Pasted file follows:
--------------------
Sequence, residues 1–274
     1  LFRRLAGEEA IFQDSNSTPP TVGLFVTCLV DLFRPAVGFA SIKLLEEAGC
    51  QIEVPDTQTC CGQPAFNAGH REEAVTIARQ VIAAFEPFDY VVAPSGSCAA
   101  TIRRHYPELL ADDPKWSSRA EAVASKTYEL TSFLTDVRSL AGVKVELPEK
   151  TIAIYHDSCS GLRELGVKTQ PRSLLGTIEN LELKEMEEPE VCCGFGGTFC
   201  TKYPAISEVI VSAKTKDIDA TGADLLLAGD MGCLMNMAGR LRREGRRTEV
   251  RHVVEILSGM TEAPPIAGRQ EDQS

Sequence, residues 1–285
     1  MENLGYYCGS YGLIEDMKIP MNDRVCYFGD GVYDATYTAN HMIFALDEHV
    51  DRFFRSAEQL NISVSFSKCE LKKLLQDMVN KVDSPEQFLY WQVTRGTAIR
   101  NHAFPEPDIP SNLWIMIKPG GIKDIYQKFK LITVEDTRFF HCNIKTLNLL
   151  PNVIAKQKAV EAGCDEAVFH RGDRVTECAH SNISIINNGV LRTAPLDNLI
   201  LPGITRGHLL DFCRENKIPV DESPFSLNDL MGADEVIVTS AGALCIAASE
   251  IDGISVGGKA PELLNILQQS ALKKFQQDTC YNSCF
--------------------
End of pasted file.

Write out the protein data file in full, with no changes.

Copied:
Sequence, residues 1–274
     1  LFRRLAGEEA IFQDSNSTPP TVGLFVTCLV DLFRPAVGFA SIKLLEEAGC
    51  QIEVPDTQTC CGQPAFNAGH REEAVTIARQ VIAAFEPFDY VVAPSGSCAA
   101  TIRRHYPELL ADDPKWSSRA EAVASKTYEL TSFLTDVRSL AGVKVELPEK
   151  TIAIYHDSCS GLRELGVKTQ PRSLLGTIEN LELKEMEEPE VCCGFGGTFC
   201  TKYPAISEVI VSAKTKDIDA TGADLLLAGD MGCLMNMAGR LRREGRRTEV
   251  RHVVEILSGM TEAPPIAGRQ EDQS

Sequence, residues 1–285
     1  MENLGYYCGS YGLIEDMKIP MNDRVCYFGD GVYDATYTAN HMIFALDEHV
    51  DRFFRSAEQL NISVSFSKCE LKKLLQDMVN KVDSPEQFLY WQVTRGTAIR
   101  NHAFPEPDIP SNLWIMIKPG GIKDIYQKFK LITVEDTRFF HCNIKTLNLL
   151  PNVIAKQKAV EAGCDEAVFH RGDRVTECAH SNISIINNGV LRTAPLDNLI
   201  LPGITRGHLL DFCRENKIPV DESPFSLNDL MGADEVIVTS AGALCIAASE
   251  IDGISVGGKA PELLNILQQS ALKKFQQDTC YNSCF